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Director. Senior Health Specialist and Pharmaceutical Policy Expert. World Customs Organization (WCO). Scientific Administrator. USA. Austria World Intellectual Property Organization (WIPO) Ms Marie Paule Rizo. Vienna. Industrial Designs. and Geographical Indications. Geneva.McB.K. Switzerland. Human Development Network. Hargreaves. Guateng. Nuclear Medicine Section. New York. Division of Human Health. Geneva. Vienna. Pharmaceutical Procurement Unit. DC. UNICEF Supply Division. EDQM. Brussels. Brussels. Head. Quality of Medicines Sector. Denmark Representation from specialized agencies and related organizations2 1 Global Fund to Fight AIDS. Senior Pharmaceutical QA Officer. London. Belgium. Technical Officer. Medicines and Healthcare Products Regulatory Agency. Sector of Trademarks. Switzerland World Bank Mr Andreas Seiter. South Africa Representation from United Nations offices1 United Nations Children’s Fund (UNICEF) Dr Peter Svarrer Jakobsen. Miller. Smith. Geneva. Senior Legal Officer. France European Medicines Agency (EMEA) Dr Katrin Nodop. Inspections Sector and Dr Piotr Kozarewicz. Inspection. Strasbourg. Belgium. NY. Quality Assurance Officer. Law and International Classifications Division. Washington. Tuberculosis and Malaria Ms Joelle Daviaud. World Trade Organization (WTO). Pogány. Enforcement and Standards Division. Unable to attend: United Nations Industrial Development Organization (UNIDO). Laboratory Division. Hungary Mr D. England Dr J.Special advisers (prequalification) Mr P. Copenhagen. London. Switzerland International Atomic Energy Agency (IAEA) Mr K. Austria. England 1 2 3 Unable to attend: United Nations Development Programme (UNDP). Budapest. European Directorate for the Quality of Medicines & HealthCare (EDQM) and Dr John H. Unable to attend: European Commission (EC). USA Representation from intergovernmental organizations3 1 Council of Europe Dr Susanne Keitel. viii . Solanki.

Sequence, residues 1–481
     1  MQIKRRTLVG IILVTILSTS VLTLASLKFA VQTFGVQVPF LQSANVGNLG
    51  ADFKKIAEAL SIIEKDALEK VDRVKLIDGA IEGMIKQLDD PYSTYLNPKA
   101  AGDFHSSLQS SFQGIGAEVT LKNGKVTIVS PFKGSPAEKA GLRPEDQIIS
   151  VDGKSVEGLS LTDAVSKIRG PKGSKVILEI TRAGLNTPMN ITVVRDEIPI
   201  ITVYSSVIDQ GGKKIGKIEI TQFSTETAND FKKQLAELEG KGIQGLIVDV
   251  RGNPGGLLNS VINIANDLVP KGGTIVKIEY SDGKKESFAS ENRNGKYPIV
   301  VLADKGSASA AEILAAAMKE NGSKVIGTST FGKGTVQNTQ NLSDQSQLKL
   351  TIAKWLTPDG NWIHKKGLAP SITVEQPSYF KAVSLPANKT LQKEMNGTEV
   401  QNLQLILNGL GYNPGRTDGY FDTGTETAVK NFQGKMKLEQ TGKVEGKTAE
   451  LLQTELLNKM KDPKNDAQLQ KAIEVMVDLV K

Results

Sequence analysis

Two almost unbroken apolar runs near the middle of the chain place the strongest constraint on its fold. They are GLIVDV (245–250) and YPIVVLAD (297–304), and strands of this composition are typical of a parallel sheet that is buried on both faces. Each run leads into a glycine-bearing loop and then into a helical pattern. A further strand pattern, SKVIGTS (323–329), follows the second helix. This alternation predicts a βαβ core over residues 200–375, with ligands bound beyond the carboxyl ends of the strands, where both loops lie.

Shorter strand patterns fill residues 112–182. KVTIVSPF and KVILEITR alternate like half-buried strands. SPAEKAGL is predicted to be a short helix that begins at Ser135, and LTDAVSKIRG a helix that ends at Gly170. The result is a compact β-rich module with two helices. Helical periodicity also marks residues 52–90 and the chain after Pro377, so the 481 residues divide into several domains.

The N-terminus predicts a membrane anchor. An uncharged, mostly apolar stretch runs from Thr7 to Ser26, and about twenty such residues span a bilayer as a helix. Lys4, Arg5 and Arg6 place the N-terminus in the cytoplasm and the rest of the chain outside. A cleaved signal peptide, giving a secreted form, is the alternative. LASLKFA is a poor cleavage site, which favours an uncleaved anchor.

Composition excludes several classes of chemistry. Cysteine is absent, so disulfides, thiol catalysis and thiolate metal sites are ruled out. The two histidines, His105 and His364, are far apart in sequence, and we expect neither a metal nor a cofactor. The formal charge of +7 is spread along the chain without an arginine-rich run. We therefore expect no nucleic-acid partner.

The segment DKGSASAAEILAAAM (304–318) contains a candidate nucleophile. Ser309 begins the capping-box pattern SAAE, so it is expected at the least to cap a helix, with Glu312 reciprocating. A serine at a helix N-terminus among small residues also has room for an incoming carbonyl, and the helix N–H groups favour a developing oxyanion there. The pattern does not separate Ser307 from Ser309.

Unable to attend: Farmacopea Argentina. Moscow. Argentina. Director/Pharmacist. Brussels. Rockville.J. Williams. Switzerland International Pharmaceutical Federation (FIP) Mr A. England Pharmacopoeia of the People’s Republic of China Dr Li Huiyi. Beijing. Pharmacopoeia Committee. France Pharmacopoeia of the Republic of Korea Dr Bokyung Choi. Chief Metrology Officer. Switzerland. OTC R&D. London. See Council of Europe. Tampa. USA 1 2 3 4 Unable to attend: Commonwealth Pharmaceutical Association (CPA). New Delhi. France. Brussels. Chief. Geneva. Switzerland Observer2 Pharmacopoeias3 Farmacopéia Brasileira Professor Gerson A. People’s Republic of China European Pharmacopoeia43 Council of Europe. Buenos Aires. Pianetti. State Pharmacopoeia of the Russian Federation. Drug Evaluation Department.Representation from nongovernmental organizations12 International Federation of Pharmaceutical Manufacturers and Associations (IFPMA) Dr Michael G. Vice President. Reference Materials Division. Product Development Operations. Geneva. President.M. Beatrice. State Pharmacopoeia Commission. European Chemical Industry Council (CEFIC)/APIC. Belgium. Modern Drug Division. Head. Committee of the Japanese Pharmacopoeia. International Society for Pharmaceutical Engineering (ISPE). Republic of Korea United States Pharmacopeia Dr Roger L. MD. the Netherlands World Self-Medication Industry (WSMI) Dr Martin Cranmer. Japan. General Secretary and CEO and Mr Xuan Hao Chan. Tokyo. USA. Indian Pharmacopoeia. International Generic Pharmaceutical Alliance (IGPA). Novartis Consumer Health SA Nyon. the Hague. Hoek. Santa Maria RS. Comissão Permanente de Revisão de Farmacopéia Brasileira. Project Manager. Senior Pharmacopoeial Scientist. Korea Food and Drug Administration Seoul. England. Global Laboratory Compliance and Processes. London. Belgium. India. ix . Executive Vice President and CEO and Dr William Koch. Unable to attend: Pharmaceutical Inspection Co-operation Scheme (PIC/S). Indian Pharmacopoeia Committee. International Pharmaceutical Excipients Council (IPEC). Strasbourg. Abbott. Corporate Regulatory & Quality Science. Antibiotic & Oncology Division. Brazil British Pharmacopoeia Commission Secretariat Mrs Maria Barrett. Deputy Head of Science. Russian Federation. Japanese Pharmacopoeia. Strasbourg. FL.